I didn’t feel like exploring, so I limited my territory to the nearby streets. When I had to eat something, I’d walk to the extremely loud main road towards the train station and pick a restaurant. These visits were quite interesting in all their awkwardness. Usually, there were just a few other customers or none at all besides me, and I was definitely the only Western person around.
And because there were so few customers, I’d have the full attention of all the staff, all the time. Customer service is nice, but it gets kind of distracting when six to eight workers – including the manager, all the waitresses and some other sharp-dressed guys whose job description I never really understood – stare at you or constantly walk around your table and pretend not to stare.
Once, when I was waiting for my meal, the manager of one of the restaurants came to talk to me. He asked if I was in the city for business, and I told I was a tourist.
“I guess there aren’t many tourists here now during the monsoon season”, I said, attempting some casual smalltalk.
“There are no tourists here”, the manager responded. And he wasn’t just talking about the rain season.
Back to the beaten path
While I didn’t see much, my short visit to a random city made me understand India better. Previously, I couldn’t truly comprehend the massive amount of people living in the country. While I knew that India had over a billion residents, I still wanted to believe that only the most popular and famous cities are extremely crowded.
Well, I can’t fool myself any longer. While Surat is not popular with tourists, the city center is not really different from all the other big cities of India. It is lively, crowded and a bit untidy. The mazes of alleys sprawl around and crossing the street as a pedestrian is as chaotic as it is in any other town. The only thing that were missing were the sights and landmarks that make the city stand out from the others.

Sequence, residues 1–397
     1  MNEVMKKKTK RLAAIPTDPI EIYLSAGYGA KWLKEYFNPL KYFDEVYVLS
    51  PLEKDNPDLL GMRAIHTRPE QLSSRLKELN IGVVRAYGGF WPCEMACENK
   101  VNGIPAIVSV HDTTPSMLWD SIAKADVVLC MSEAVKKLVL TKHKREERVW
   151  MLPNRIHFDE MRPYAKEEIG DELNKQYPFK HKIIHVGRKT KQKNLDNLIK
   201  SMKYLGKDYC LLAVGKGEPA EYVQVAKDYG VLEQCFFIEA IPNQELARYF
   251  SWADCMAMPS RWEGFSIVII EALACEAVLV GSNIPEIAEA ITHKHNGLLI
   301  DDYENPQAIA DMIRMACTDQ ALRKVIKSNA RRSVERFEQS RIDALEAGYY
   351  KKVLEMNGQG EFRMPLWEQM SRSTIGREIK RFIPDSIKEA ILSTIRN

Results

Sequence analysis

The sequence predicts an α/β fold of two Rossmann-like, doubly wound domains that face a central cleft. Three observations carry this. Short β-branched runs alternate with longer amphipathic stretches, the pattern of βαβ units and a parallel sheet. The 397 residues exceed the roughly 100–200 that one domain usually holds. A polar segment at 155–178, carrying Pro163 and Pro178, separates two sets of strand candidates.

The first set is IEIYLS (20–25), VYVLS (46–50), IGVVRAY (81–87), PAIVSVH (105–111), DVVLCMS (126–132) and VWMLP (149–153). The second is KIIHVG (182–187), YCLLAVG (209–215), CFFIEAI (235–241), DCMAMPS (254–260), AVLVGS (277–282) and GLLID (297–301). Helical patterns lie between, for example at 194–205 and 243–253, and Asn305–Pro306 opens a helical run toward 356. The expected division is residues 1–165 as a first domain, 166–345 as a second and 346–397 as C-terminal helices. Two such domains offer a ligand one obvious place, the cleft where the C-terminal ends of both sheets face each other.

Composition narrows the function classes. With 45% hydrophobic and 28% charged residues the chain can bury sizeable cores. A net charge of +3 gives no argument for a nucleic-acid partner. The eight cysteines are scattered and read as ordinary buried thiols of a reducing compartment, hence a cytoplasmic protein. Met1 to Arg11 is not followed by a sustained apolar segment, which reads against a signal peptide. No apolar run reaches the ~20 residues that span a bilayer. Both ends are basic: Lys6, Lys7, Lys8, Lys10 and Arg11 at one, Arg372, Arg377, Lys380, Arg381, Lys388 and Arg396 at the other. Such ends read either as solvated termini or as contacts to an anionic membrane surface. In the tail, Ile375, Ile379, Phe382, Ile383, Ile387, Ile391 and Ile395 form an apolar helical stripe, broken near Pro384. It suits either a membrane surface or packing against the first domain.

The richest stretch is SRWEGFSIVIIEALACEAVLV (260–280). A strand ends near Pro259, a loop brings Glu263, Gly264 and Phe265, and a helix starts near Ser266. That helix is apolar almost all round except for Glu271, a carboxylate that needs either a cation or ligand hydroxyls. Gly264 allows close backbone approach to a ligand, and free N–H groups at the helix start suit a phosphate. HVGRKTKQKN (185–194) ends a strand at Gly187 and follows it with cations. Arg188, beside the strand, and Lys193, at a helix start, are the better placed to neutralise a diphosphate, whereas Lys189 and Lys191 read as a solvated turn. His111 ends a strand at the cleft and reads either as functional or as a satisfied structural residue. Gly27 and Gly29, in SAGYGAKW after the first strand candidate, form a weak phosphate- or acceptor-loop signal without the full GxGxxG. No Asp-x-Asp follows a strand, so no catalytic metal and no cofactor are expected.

Now, as I finish writing this, I’ve finally left Surat and I’ve been granted an internet access. Online, I find a little bit more information about Surat, previously known as Suryapur. The population of the city is 4,5 million, which makes it the 9th largest city in India. It is also one of the fastest growing cities in the world and world’s most important hub for diamond cutting and polishing. The city has a long Wikipedia article, but the text never mentions anything about sights or tourism.
While I didn’t really do anything in Surat, I don’t regret my sidestep. I’m traveling for a long time now, and there’s one big difference between vacations and vagabonding: when the trip gets longer, traveling becomes a permanent state. And when traveling is all you do, you don’t want all your days to be jam-packed with thrills and action. There are always some mundane days in between, but those are usually left unmentioned in travel blogs and Instagram feeds.
While the life of a traveler is often like an endless loop of Saturdays, you still need some time off from the fuzz. If you don’t listen to your body and you just rush around to see as much as possible, you’ll quickly become exhausted. And even though Surat is not a popular tourist destination, I could have gotten more out of it had I spent time with the locals. Now, my only longer discussion happened after my last check-in when I waited at the hotel lobby and the hotel manager came to talk to me.
But still, I can understand why some destinations are usually left unvisited.
Have you ever ventured off the tourist trails? I’d love to hear other travelers’ experiences. If you have a story to tell, please share it in the comments below!